Perth house rents set to soar
In demand: Perth's booming population is causing a housing crisis. Picture: Gerald Moscarda/ The West Australian

Perth's median house rent increased $70 a week last year and is forecast to rocket this year as an extra 1500 people pour in to WA every week.

An Australian Property Monitors report reveals Perth had the highest rental growth of all capital cities last year, with rent for houses up 17.5 per cent over the year to $470 a week, and up 4.4 per cent over the December quarter.

Rent for units jumped 14.3 per cent over the year to $400 a week, and 2.6 per cent over the quarter.

APM economist Andrew Wilson predicts that by the end of the year, WA's rapidly growing population will make Perth more expensive for renters than Sydney, where the median rent for homes is $500 a week.

Darwin, at $650 a week, is set to remain the most costly.

Local real estate agents yesterday confirmed reports of a tightening rental market, claiming dozens of applicants were turning up to home openings.

Tino Bruzzese, director of Professionals Michael Johnson and Co, said the tightest segment of the market was homes costing less than $600 a week to rent.

Some applicants had returned to the boom-time practice of offering $50 a week above the listing price in a bid to win tenancy.

"I turn up to home-opens and see 30 or 40 groups lining up, and sometimes there are another 10 groups who don't even bother getting out of their cars," Mr Bruzzese said.

MLG Realty said the executive market had been tight since mid 2012, with home openings attracting up to 15 viewers each.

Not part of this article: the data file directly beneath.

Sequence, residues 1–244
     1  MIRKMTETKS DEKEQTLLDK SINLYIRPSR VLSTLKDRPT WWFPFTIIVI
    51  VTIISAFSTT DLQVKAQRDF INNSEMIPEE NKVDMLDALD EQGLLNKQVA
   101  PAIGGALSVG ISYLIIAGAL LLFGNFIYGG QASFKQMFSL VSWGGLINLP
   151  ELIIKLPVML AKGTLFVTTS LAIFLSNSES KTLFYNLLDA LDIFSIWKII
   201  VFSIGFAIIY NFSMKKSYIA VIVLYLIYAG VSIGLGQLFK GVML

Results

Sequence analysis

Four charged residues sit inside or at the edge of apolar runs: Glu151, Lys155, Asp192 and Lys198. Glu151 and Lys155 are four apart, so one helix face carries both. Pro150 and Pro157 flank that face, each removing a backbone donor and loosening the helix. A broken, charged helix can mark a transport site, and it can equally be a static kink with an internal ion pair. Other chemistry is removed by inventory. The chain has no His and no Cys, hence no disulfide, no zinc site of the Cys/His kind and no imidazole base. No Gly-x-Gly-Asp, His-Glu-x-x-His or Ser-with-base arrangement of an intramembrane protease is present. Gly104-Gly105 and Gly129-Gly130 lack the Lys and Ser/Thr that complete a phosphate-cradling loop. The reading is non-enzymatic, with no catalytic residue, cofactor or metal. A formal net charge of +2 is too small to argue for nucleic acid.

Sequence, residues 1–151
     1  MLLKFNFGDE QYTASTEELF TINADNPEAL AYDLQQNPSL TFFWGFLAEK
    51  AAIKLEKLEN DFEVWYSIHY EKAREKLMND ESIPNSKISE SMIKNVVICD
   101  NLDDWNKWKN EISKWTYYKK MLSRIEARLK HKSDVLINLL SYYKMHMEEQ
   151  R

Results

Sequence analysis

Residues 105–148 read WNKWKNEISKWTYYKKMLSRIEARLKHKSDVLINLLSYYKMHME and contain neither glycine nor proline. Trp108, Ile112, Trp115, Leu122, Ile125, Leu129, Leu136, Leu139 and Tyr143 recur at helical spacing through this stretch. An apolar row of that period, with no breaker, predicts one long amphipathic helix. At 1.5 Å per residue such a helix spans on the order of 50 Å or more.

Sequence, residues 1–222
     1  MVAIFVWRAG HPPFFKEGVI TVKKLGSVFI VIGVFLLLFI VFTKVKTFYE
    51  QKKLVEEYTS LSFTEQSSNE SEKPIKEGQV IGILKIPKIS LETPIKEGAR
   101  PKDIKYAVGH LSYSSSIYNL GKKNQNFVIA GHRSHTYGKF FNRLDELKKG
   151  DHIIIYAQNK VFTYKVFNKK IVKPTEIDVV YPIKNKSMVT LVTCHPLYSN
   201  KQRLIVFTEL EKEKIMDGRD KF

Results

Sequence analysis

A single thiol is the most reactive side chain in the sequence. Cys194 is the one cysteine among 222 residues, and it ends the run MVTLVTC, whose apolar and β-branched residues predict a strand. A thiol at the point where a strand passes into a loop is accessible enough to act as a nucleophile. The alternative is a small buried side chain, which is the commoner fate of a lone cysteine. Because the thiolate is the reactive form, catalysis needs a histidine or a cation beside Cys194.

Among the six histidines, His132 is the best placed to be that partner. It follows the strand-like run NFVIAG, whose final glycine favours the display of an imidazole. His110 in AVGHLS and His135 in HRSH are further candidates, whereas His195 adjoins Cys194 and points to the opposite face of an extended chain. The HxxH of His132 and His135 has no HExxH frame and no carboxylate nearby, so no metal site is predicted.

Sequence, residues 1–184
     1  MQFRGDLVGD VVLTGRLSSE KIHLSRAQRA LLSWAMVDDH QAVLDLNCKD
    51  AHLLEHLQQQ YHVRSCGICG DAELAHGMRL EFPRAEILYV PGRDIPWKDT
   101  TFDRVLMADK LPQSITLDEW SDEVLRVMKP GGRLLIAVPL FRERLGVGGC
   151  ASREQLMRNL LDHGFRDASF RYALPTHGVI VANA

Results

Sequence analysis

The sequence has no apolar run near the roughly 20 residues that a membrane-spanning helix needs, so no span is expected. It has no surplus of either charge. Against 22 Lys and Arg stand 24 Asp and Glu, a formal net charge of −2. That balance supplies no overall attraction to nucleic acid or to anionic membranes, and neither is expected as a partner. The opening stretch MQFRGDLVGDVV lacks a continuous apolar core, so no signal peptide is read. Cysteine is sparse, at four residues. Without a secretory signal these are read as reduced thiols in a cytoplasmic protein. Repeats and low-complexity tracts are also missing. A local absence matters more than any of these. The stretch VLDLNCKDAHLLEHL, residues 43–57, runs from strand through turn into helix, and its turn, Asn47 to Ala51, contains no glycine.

Property manager Amanda Schulze said the supply of twobedroom fully furnished city apartments had diminished in recent weeks after the CB&I Kentz joint venture filled an order for 68 such properties, to house staff imported to work on its $3 billion Gorgon gas project contract.

A western suburbs property manager, who preferred not be named, said 60 groups attended two home-opens at the weekend.

Dr Wilson said the trend would continue because WA's population was growing at the rate of about 80,000 a year, but only about 18,500 homes were built annually.

He said rental pressure would eventually boost house prices, with APM estimating the value of Perth houses would increase 5 to 7 per cent this year.

APM's rental report is at odds with statistics released yesterday by the Real Estate Institute of WA, which claimed the median price for units and apartments fell $10 to $420 a week in the December quarter.

REIWA said the rental price for houses increased $10 a week to $460 in the same quarter.

President David Airey said the relatively steady rent levels in the past quarter could prove a temporary reprieve for renters, with an increase possible in the next few months, which is traditionally the busiest time of the year.

The West Australian

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